Jim Carroll

Music, Life and everything else

Radiohead break the artistic silence on ticket touts

One of the least surprising elements in the fallout from Channel 4’s recent documentary The Great Ticket Scandal has been the silence of the acts. Many of us long had a suspicion that acts were complicit in how secondary ticketing …

Fri, Mar 9, 2012, 09:40

   

One of the least surprising elements in the fallout from Channel 4’s recent documentary The Great Ticket Scandal has been the silence of the acts.

Many of us long had a suspicion that acts were complicit in how secondary ticketing services (or “touts” as we call them around here) got tickets for sold-out shows.

After watching the Channel 4 show, no-one was in any doubt about how everyone from acts to promoters were caught up in this blatant, greedy, unsavoury business.

It says it all when the biggest ticket seller in the business, Ticketmaster, can also own and operate a secondary ticket selling business, Get Me In, and still have promoters and acts using their services.

While some acts from Nine Inch Nails to Bruce Springsteen have tried anti-touting measures in the past, there has been a noticeable silence from the artistic quarter over the contents and implications of the Channel 4 programme.

Step up, then, Radiohead. This writer may have little truck with much of the band’s music, but hats off to the musicians and their management on this occasion.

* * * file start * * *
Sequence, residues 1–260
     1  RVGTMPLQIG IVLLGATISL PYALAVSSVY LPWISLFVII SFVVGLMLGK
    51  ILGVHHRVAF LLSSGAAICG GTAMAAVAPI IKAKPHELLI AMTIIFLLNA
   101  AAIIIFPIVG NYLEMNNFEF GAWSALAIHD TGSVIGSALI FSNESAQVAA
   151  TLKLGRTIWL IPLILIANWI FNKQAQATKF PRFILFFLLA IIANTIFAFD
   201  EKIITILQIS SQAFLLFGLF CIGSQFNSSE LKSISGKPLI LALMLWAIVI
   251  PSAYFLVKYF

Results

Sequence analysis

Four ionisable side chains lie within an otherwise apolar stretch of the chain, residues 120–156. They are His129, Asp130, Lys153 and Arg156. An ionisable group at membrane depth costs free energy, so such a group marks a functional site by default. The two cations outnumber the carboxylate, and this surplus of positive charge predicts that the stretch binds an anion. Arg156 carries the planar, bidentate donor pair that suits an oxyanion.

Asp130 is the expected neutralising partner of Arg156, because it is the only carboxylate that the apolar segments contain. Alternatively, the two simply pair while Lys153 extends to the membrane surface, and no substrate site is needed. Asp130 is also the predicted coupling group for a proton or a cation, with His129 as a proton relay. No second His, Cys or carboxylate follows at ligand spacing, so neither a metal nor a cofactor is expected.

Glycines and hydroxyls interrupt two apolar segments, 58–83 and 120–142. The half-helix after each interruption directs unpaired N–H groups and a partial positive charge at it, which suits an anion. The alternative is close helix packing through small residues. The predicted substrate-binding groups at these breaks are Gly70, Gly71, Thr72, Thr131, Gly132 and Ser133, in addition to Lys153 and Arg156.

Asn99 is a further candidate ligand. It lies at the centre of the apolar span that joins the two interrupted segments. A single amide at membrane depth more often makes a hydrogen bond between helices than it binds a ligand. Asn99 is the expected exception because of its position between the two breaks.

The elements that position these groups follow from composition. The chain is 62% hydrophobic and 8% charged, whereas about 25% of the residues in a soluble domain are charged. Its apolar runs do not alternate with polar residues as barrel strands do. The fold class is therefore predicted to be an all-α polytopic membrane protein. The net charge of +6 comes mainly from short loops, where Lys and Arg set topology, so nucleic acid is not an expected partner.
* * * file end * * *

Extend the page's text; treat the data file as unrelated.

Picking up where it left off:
Aside from criticising the parasitical practice of industry-endorsed touting, they have also partnered with fan-to-fan ticket exchange service the Ticket Trust for their forthcoming tour. This will allow fans to resell tickets for shows they can’t attend to fellow fans who will get to buy them at face value.

While some tickets for shows will inevitably make their way to tout sites like Viagogo and Seatwave, Radiohead’s efforts will help to lessen that number. We also hope the band will make efforts to ensure that their show promoters don’t hold back tickets for those secondary markets. It may be time-consuming, but it’s what Radiohead’s fans want and it shows a real respect towards those who buy the tickets, merchandise and albums. Let’s hope other acts take note.